The process is not unfamiliar: dip the fish into egg wash, give it a dusting of flour and/or breadcrumbs, and cook it in a thin, even layer of hot oil.  My mom was adamant about purchasing “Drake’s Crispy Fry” to dredge the fish in (it was always in our pantry growing up).  I made a special trip to King Sooper’s for it in 15-degree weather, and they didn’t have it.  In my dismay, exhaustion, and defeat, I bought a package of seasoned flour, although I was sure I would regret it (Kentucky Kernel Seasoned Flour, to be exact). 

Why would I buy seasoned flour instead of simply seasoning my own flour?  I was prepared to kick myself later, but I couldn’t have been more wrong.  It turns out that there is a reason to buy seasoned flour: it is perfectly seasoned!  I tasted a little pinch of the flour before cooking, so I could get my self-loathing under way, but instead I was celebrating my awesome decision making skills. It was delicious (courtesy of pepper, mysterious “herbs and spices,” salt, and a small amount of MSG, which everyone knows is the best).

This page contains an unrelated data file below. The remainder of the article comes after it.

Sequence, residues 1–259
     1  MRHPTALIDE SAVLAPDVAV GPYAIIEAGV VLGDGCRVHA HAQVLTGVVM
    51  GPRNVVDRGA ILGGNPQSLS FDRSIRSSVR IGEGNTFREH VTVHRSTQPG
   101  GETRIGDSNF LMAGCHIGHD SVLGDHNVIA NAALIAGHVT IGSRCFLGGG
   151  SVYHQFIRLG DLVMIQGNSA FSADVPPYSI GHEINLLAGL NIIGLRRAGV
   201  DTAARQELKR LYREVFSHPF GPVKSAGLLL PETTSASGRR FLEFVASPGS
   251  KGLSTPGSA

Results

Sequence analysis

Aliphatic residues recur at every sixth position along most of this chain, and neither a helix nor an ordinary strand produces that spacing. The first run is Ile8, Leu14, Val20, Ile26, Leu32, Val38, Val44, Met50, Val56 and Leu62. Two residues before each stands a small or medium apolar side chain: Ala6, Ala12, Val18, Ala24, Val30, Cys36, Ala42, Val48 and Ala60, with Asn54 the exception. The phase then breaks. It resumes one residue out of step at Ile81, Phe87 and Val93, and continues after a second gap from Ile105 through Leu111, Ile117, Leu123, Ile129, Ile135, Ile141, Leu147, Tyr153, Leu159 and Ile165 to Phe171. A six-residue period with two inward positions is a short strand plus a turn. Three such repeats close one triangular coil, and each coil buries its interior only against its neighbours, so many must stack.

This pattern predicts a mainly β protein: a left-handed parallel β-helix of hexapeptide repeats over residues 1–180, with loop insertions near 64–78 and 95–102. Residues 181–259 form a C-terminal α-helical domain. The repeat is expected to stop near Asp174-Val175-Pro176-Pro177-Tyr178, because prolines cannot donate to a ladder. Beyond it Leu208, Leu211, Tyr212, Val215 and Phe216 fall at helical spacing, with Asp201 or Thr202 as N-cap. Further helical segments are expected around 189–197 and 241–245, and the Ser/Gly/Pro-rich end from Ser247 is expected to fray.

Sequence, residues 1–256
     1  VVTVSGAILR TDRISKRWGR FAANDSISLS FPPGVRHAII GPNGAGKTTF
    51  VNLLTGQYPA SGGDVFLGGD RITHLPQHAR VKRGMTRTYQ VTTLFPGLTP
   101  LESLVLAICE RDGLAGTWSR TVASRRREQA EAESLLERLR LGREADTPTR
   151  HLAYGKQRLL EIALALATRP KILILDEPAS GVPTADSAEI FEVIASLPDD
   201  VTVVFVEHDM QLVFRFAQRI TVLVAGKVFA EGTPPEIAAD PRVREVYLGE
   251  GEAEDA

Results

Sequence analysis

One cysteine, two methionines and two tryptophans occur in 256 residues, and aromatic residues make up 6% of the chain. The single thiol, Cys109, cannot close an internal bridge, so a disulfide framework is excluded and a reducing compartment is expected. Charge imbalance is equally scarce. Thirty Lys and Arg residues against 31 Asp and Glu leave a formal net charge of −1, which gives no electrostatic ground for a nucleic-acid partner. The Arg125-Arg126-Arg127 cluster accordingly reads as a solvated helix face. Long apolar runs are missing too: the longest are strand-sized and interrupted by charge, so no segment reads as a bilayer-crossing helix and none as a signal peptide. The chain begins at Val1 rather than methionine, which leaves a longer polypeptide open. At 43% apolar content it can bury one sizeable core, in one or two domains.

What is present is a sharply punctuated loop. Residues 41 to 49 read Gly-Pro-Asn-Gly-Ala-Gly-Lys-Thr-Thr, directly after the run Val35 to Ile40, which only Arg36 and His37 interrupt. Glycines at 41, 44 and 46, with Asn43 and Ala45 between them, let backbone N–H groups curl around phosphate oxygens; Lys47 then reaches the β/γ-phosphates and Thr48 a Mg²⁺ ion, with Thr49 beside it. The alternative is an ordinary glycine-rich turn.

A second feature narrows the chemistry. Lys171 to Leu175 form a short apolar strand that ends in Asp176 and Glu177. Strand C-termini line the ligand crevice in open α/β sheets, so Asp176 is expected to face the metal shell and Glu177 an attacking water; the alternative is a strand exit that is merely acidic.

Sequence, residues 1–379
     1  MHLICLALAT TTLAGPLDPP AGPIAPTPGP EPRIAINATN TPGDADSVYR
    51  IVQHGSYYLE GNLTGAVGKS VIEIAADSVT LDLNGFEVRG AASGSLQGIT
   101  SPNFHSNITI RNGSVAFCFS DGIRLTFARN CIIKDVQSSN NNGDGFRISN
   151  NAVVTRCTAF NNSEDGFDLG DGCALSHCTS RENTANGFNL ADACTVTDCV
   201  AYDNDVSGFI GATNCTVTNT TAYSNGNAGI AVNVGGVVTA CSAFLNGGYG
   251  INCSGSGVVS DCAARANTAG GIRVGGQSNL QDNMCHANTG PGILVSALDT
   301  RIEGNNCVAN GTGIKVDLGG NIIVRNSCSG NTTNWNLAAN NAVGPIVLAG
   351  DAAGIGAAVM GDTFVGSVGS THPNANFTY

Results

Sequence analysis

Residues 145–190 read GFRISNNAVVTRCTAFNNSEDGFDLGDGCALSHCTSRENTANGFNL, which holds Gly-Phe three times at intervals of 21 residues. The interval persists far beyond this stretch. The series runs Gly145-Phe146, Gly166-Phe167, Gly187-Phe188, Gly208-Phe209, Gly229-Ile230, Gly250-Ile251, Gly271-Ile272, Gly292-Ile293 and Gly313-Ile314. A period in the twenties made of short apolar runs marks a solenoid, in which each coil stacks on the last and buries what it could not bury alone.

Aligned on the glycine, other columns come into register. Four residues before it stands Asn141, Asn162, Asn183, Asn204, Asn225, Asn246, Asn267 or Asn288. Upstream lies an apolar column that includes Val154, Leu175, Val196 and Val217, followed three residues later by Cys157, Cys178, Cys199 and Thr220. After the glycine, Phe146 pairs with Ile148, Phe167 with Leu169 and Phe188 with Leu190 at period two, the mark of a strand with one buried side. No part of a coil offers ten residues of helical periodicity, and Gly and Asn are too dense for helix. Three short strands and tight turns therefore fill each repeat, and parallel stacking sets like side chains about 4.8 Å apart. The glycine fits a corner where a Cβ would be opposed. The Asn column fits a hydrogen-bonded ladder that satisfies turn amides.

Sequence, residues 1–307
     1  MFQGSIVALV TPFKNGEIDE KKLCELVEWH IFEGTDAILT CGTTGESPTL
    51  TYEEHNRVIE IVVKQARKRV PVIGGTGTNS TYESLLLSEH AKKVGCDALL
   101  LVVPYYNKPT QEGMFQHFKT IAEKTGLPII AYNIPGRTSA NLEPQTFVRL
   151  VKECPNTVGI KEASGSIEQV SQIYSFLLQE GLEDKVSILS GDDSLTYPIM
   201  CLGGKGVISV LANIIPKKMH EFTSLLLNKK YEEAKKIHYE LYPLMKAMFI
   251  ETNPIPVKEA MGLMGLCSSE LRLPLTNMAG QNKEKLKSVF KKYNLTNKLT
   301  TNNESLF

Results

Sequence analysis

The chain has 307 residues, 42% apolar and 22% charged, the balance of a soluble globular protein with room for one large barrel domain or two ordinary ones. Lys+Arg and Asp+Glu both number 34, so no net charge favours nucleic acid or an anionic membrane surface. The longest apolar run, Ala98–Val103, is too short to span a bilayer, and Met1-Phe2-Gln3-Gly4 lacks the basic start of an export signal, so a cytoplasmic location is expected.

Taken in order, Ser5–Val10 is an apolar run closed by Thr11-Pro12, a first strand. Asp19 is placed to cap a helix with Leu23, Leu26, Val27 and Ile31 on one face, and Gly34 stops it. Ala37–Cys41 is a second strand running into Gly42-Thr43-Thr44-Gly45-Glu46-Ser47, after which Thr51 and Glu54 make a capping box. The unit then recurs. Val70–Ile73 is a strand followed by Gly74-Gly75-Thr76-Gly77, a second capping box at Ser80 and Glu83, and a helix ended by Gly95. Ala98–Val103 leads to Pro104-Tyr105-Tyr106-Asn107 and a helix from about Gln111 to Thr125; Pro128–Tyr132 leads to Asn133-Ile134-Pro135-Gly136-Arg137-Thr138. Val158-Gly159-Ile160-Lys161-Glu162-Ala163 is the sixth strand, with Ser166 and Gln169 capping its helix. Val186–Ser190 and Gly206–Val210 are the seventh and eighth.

So, with a sense of celebration, I dredged, I fried, I spritzed with lemon and I enjoyed.  The fish had a crisp, yet light crust.  I served the fish (to myself) with simple pan roasted brussel sprouts, and a baked potato.  I felt so wholesome with all of my food groups.  Make sure you run your kitchen fan and vent a window while you fry the fish.  That way, when you tell your co-workers the next day about your delicious dinner, they will actually be surprised, instead of already being fully aware of what you had for dinner because of the fish odor emanating off you.  I had this happen with curry once, and it was not much fun.

Pan-Fried Tilapia

Tilapia fillets, rinsed and patted dry (I made 3 fillets, almost 3/4 of a pound)
½ to 1 cup of seasoned flour (depending on how much fish you are making)
2 eggs
2 tablespoons milk
2-3 tablespoons olive oil (more as needed if you are working in multiple batches)
2-3 tablespoons canola oil (more as needed if you are working in multiple batches)

-       Beat together eggs and milk in a wide shallow bowl, and add the seasoned breadcrumbs to another wide shallow bowl.